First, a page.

A ban on on-site factory dormitories is not to be imposed any time soon, because it would require amendments to the regulations, which must be preceded by inter-ministerial discussions, the Ministry of Labor said on Thursday.
Workforce Development Agency section head Hsueh Chien-chung (薛鑑忠) said the agency would have to coordinate with the Ministry of Economic Affairs on the amendments.
In May and June, various non-governmental organizations staged protests about worker housing safety issues, after two factory fires claimed the lives of nearly a dozen migrant workers in factory dorms this year.
One of the demands made by the protesters was for worker dormitories to be relocated a safe distance from factories.
The Ministry of Labor is working on new regulations to ban on-site factory dormitories and also to penalize businesses that do not implement proper safety measures for migrant workers, Hsueh said.
If approved by the legislature, the amendments to Articles 54 and 72 of the Employment Service Act (就業服務法) would lower the quota of foreign hires by five for every migrant worker death resulting from negligence by the company, he said.
In the case of injury to a migrant worker, the quota would be reduced by one worker for each incident, Hsueh said, adding that the ministry would provide more details next week.
There were 699,379 migrant workers in the nation as of last month, the latest government statistics showed.
DOING ENOUGH? The HPA budgets NT$1.3 billion to prevent the health hazards of tobacco, but has no separate budget to fight teen drinking, a doctor said The government should step up alcohol education and prevention efforts, and allocate more of the budget to it, doctors said on Friday, citing the high consumption of alcohol among Taiwanese adolescents. One out of four 12-to-17-year-olds has consumed alcohol, said Yen Tsung-hai (顏宗海), director of Linkou Chang Gung Memorial Hospital’s Department of Clinical Toxicology. The Health Promotion Administration (HPA) budgets NT$1.3 billion (US$43.9 million) annually to prevent the health hazards of tobacco, but it has not allocated a separate budget for preventing teenage drinking or excessive alcohol use, Yen said. “There is no so-called ‘safe drinking level’ for minors,” because any amount consumed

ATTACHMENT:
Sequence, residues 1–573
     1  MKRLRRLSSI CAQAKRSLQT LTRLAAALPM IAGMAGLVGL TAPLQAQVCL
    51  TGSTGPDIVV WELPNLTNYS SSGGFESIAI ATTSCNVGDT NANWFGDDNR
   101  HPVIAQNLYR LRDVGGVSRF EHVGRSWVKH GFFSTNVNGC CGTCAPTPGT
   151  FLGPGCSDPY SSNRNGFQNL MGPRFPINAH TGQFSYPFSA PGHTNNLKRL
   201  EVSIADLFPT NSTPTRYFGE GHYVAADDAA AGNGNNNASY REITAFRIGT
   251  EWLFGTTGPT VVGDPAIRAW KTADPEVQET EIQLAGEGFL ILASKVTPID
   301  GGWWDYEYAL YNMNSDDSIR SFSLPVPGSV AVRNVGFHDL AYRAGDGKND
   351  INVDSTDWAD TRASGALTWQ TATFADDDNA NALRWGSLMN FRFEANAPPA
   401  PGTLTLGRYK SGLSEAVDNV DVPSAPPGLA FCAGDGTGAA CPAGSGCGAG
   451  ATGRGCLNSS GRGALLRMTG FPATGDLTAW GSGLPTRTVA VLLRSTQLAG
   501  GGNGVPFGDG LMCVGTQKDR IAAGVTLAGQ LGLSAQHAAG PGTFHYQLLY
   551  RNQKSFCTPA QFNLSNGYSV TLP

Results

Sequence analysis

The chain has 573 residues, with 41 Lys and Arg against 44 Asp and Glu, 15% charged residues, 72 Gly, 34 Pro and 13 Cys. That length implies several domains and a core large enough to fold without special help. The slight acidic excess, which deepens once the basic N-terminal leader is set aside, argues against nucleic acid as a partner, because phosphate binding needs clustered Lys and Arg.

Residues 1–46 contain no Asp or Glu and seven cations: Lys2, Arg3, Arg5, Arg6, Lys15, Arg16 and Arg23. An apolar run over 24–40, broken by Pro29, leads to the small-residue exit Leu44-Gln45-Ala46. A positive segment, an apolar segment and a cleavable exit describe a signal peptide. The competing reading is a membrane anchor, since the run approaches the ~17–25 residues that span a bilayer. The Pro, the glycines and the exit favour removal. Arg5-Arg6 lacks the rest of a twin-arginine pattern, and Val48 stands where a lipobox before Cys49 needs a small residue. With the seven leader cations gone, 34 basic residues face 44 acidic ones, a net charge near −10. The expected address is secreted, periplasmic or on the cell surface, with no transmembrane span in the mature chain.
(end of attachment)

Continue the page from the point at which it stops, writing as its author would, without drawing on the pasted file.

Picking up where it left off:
The Fancy Frontier manga and anime expo held in Taipei over the weekend has sparked controversy, after a participant allegedly contravened the Act on Offenses Against Sexual Morality (妨害風化罪) by publicly exposing her private parts during a photo shoot. The two-day event opened at the Expo Dome at the Taipei Expo Park on Saturday, attracting numerous comic and anime creators, cosplayers, photographers and fans. Allegedly, a female cosplayer who was not wearing any underwear lifted up her skirt and revealed her private parts at an outdoor photography area near the venue. Event organizers said yesterday that to prevent indecent exposure, they have since
YOUNGEST PATIENT: Cases of botulism have been only sporadically reported over the past few years, with two in 2015, six in 2016 and none in the past three years The Centers for Disease Control (CDC) yesterday reported the nation’s first case of infant botulism this year, a four-month-old boy in northern Taiwan, as well as five new cases of Japanese encephalitis confirmed last week. The boy was introduced to homemade solid food in the middle of last month, but began to experience constipation and loss of appetite on June 23, CDC Epidemic Intelligence Center Deputy Director Guo Hung-wei (郭宏偉) said, adding that he was taken to the hospital when he developed a fever and shortness of breath on June 25. In the hospital, the boy also experienced a rapid heartbeat, limb
The National Taiwan Museum’s Railway Department Park in Taipei is to open to the public today. The park in Datong District (大同) near the North Gate (北門, Beimen) is one of the museum’s four branches. During the Japanese colonial era, the site housed the railway department of the Office of the Governor-General of Taiwan’s Bureau of Transportation. After World War II, it served as the headquarters for the Taiwan Railways Administration (TRA) for several decades. In 2007, it was listed as a national monument under the Cultural Heritage Preservation Act (文化資產保存法). At an opening ceremony yesterday, Minister of Transportation and Communications Lin Chia-lung